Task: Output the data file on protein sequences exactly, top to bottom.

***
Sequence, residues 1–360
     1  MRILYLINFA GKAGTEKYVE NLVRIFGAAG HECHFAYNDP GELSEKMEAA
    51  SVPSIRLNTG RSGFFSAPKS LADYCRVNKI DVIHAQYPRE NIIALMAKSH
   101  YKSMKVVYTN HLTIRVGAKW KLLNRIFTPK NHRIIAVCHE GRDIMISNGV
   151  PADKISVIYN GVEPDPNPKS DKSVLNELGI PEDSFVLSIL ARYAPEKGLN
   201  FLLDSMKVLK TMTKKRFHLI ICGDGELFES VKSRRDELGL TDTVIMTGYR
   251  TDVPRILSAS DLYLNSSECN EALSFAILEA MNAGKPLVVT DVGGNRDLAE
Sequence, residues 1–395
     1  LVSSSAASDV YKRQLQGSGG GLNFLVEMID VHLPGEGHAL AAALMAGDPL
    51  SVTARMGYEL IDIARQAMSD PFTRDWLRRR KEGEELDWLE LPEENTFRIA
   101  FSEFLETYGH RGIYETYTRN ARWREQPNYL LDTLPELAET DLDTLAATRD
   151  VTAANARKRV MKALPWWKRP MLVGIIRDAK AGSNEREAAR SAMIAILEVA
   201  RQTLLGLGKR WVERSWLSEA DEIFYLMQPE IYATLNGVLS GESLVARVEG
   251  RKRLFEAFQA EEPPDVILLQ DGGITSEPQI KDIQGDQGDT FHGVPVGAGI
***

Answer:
Sequence, residues 1–360
     1  MRILYLINFA GKAGTEKYVE NLVRIFGAAG HECHFAYNDP GELSEKMEAA
    51  SVPSIRLNTG RSGFFSAPKS LADYCRVNKI DVIHAQYPRE NIIALMAKSH
   101  YKSMKVVYTN HLTIRVGAKW KLLNRIFTPK NHRIIAVCHE GRDIMISNGV
   151  PADKISVIYN GVEPDPNPKS DKSVLNELGI PEDSFVLSIL ARYAPEKGLN
   201  FLLDSMKVLK TMTKKRFHLI ICGDGELFES VKSRRDELGL TDTVIMTGYR
   251  TDVPRILSAS DLYLNSSECN EALSFAILEA MNAGKPLVVT DVGGNRDLAE
Sequence, residues 1–395
     1  LVSSSAASDV YKRQLQGSGG GLNFLVEMID VHLPGEGHAL AAALMAGDPL
    51  SVTARMGYEL IDIARQAMSD PFTRDWLRRR KEGEELDWLE LPEENTFRIA
   101  FSEFLETYGH RGIYETYTRN ARWREQPNYL LDTLPELAET DLDTLAATRD
   151  VTAANARKRV MKALPWWKRP MLVGIIRDAK AGSNEREAAR SAMIAILEVA
   201  RQTLLGLGKR WVERSWLSEA DEIFYLMQPE IYATLNGVLS GESLVARVEG
   251  RKRLFEAFQA EEPPDVILLQ DGGITSEPQI KDIQGDQGDT FHGVPVGAGI